SFGW Cleaning

This page has a discussion on it from our Egroup so it runs like a conversation

I spend hours cleaning, I mean hours. I even bought all the stuff for TIB method and still can't get away from sfgw cleaning!! When I clean sfgw, it takes longer but I can get out and change things a lot better than with that TIB method. And I think it has a lot to do with what your cleaning when you use that method, because it did not work for me. Sometimes I clean my sfgw 3 times before the final dry sanding. I am picky about my cleaning and the TIB method left a lot of junk on my greenware, marks and pieces of greenware all over what I'm working on and its very hard to clean it all off. With sfgw you can soak and rinse and what have you!! Maybe It's something I need to learn how to do???? Rita

Hi Rita -this is Emily- what do you mean when you say you clean 3 times before the Final dry sanding??
Why would you "dry sand"? You must never touch the dry soft-fired ware! The reason for this is because the ware is made up of varying softness of material and when you dry sand you only take away the softest parts, and you end up with a less smooth finish. The final polish I do after all the cleaning is done --AND VERY IMPORTANT, WHILE THE PIECE IS STILL WET, is to use a cotton flannelette cloth, and put this over your finger so that there is no wrinkle in the cloth, and use the one index finger to polish in a circular motion all over the piece. What happens is that the cloth picks up "paste" from all over the piece and deposits that paste into any tiny crevices or pinholes in the ware, and you get the smoothest greenware you have ever seen! The very last thing, after that is to polish with your bare hands, flat across the cheeks, and other smooth areas. Never wet the piece again. Susan Seitinger taught me this method and I have found nothing to beat it. Susan writes the column "Ask Susan" in several doll magazines. She is my dear friend and teacher. One of the sweetest and most knowledgeable people I have ever met. Emily

Maybe you misunderstood me, I was talking about sfgw not just plain greenware. Would that make a difference in your way of cleaning?? Thatís the first time I've heard of how to clean sfgw!! Thatís how we were taught to clean SFGW, first you take of the seams, then you take your pink scrubber and go around the piece (except facial part) and make sure you rub out all you can and create a paste and rub that all over with your hand until the paste gets dry. Then I rinse the piece off using a hake brush and let it sit and dry out for couple of days. Then I check it out for imperfections again, which will really show up when the piece dries. Then If I see pinholes etc. I will clean again and follow the same process. Some pieces need it more than others it depends on how it was poured and with what. A lot of this sfgw I purchased. So thatís the story and please tell me (anyone) if I'm doing it wrong. And, oh yes, when the piece dries thoroughly, you take a used sponge sander (not new) and go over the piece and give it a once over, then hake again, it let dry and then fire. Rita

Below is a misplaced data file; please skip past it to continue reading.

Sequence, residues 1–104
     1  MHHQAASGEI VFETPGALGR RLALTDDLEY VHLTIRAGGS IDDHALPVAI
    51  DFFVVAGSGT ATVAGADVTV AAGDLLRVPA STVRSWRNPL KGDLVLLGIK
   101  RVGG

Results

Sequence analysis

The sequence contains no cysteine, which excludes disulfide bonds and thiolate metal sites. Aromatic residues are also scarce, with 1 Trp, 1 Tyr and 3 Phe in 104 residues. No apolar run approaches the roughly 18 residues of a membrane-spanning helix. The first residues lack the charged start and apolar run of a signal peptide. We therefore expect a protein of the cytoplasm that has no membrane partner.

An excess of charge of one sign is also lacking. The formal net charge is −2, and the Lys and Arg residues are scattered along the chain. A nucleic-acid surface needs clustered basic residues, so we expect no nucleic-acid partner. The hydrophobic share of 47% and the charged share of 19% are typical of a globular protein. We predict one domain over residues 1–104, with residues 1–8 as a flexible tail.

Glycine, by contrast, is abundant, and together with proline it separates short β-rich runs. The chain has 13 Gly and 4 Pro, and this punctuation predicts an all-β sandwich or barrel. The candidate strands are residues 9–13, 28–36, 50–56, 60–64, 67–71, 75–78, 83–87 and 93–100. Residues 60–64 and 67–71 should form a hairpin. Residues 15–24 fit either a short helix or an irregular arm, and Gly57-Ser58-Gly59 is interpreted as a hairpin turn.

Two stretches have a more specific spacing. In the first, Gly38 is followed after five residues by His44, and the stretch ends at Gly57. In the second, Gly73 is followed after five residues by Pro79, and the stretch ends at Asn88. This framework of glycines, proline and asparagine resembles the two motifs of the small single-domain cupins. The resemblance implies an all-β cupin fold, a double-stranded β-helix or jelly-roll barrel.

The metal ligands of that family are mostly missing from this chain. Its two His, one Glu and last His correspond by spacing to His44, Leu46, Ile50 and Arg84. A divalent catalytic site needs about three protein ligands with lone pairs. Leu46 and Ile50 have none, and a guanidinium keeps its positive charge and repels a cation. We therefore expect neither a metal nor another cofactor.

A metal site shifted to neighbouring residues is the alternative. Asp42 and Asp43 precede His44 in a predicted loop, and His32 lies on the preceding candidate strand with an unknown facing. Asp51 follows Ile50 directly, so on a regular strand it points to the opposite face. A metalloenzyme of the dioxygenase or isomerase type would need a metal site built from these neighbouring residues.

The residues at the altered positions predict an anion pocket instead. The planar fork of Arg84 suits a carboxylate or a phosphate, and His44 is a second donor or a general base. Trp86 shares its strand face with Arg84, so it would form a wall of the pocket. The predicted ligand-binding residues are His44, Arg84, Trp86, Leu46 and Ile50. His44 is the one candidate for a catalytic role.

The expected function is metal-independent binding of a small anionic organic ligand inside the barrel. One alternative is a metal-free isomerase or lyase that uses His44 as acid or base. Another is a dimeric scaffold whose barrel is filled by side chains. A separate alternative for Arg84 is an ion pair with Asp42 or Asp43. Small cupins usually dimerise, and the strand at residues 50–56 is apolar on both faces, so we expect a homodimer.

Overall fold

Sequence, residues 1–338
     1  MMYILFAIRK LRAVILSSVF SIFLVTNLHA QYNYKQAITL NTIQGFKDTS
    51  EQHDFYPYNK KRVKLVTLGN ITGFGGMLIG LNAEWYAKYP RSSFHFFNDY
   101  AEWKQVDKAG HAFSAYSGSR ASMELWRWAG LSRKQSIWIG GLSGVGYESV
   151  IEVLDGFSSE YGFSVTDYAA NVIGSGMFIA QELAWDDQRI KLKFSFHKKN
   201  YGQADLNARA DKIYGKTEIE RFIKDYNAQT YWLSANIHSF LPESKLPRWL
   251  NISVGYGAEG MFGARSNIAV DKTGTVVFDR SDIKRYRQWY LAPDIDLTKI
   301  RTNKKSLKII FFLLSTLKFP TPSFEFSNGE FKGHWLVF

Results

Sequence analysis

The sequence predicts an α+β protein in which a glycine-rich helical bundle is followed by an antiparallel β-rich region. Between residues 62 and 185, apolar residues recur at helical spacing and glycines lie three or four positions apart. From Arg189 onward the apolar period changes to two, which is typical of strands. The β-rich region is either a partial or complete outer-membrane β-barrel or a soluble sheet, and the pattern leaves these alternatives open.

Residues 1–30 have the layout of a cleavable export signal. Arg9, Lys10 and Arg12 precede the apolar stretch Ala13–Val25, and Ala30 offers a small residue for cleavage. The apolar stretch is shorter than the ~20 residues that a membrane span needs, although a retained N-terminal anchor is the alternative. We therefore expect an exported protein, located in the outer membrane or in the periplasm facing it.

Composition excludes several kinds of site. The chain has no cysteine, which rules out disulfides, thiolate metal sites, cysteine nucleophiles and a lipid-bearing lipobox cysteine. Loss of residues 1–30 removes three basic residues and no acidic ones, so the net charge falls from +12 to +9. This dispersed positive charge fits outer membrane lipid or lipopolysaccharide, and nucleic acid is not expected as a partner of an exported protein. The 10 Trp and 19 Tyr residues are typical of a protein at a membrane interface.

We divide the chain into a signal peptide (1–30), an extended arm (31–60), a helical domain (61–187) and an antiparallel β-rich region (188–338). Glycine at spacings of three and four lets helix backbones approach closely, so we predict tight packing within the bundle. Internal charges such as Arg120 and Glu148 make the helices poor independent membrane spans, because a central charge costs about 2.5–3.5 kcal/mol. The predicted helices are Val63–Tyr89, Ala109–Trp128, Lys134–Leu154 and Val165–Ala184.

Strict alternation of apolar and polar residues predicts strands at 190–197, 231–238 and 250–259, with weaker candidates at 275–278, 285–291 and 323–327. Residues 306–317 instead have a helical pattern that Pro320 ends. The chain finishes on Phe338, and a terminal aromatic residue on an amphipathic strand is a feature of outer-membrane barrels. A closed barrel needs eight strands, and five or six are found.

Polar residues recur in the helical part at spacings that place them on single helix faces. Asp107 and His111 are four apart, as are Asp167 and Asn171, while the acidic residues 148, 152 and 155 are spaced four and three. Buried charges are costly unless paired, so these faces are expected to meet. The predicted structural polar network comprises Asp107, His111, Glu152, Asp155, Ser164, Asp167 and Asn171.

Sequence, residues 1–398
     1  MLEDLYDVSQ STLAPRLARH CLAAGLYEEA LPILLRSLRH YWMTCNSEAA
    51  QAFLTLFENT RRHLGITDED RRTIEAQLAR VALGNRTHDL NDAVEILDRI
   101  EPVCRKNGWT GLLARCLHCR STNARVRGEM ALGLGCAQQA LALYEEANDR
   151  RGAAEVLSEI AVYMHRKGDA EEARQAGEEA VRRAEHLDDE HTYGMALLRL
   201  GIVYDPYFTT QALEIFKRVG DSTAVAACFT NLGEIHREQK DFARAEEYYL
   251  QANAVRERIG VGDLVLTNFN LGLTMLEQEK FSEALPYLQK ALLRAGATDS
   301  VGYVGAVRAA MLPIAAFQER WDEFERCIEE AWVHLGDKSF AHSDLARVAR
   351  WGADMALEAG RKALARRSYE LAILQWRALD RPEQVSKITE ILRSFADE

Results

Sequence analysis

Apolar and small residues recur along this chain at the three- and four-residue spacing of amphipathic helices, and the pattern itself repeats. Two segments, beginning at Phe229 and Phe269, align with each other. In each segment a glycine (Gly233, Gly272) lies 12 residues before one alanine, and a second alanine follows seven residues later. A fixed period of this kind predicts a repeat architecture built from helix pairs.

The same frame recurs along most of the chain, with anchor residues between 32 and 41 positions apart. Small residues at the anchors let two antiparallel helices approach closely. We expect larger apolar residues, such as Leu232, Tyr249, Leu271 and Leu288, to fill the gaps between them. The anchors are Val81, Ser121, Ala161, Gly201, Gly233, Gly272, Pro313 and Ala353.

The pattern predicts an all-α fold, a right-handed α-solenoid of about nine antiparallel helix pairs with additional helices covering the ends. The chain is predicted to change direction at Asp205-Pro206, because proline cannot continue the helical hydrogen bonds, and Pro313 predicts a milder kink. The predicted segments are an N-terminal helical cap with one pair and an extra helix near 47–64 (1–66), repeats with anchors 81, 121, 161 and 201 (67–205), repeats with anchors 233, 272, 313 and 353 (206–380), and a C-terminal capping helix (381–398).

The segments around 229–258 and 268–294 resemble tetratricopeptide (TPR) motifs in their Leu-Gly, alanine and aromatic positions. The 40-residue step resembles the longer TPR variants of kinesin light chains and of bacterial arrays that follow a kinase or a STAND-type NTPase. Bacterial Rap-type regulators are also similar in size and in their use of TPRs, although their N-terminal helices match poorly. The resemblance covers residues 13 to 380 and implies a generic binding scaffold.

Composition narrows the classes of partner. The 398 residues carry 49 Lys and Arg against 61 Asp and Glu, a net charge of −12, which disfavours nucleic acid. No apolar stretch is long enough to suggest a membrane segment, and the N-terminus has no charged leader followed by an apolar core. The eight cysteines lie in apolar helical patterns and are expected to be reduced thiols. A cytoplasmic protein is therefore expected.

I'm trying to sort through Emily and Rita's comments about cleaning SFGW.

I also tried the TIB method and there is NO WAY I could get a
piece ready for porcelain fire directly by using the brushes. I did
like deepening the grooves with the wire tool, and I liked working in the leather hard stage for the finger and toe area. The leather hard was also good to smooth out the arm and leg holes, but I preferred using the cone-shaped wedge thing rather than the brushes. I haven't made my decision yet about the eye cutting, as it wasn't that easy for me. I think it could work with some practice, but I felt insecure about the eye sizing part.

Here's what I do.

Place the piece of SFGW totally covered by water to soak.

Soak 5-10 minutes at the least, longer if you want too.

If the piece has opened out eyes, I do them first. (No point in cleaning it all and then breaking the piece doing the eyes.)

My scrubber is gray but the pink one works good too, I use it to remove the seams etc unless they are really heavy.

If the seams are heavy , I use the scalpel on them first.

Then I go over the seams and anywhere else there is roughness or marks with a finer scrubby (finer than the pink one.)

Then I go over the whole surface with my fingers in small circular motions. It makes a bit of paste, which fills and smoothes the surface.

I find the you can often loose detail if you use the scrubby all over the face, fingers or toes. I use a cleaning brush (this a alot firmer than what the TIB brushes would be) for between fingers, around toes , ears etc. (Scrubby folded also works here.)

I use a piece of wool tied in a circle so it fits over my hand, to deepen the stringing grooves.

Then I rinse the piece under running water and check it. (I often use a magnifying light for this and if I see anything, I soak and clean a bit more.) Rinse again.

Once the piece is drier so the surface is not shiny but the piece is still very damp, I go over the surface with the cotton flannel (or a piece of soft t-shirt material.)(Actually, ladies cotton tricot panties material works the very best.)

Now I use the magnifying glass, especially if an over all wash is to go on this piece. And smooth off any marks (I find my nails and rings are the worse culprits) and make sure it is perfect.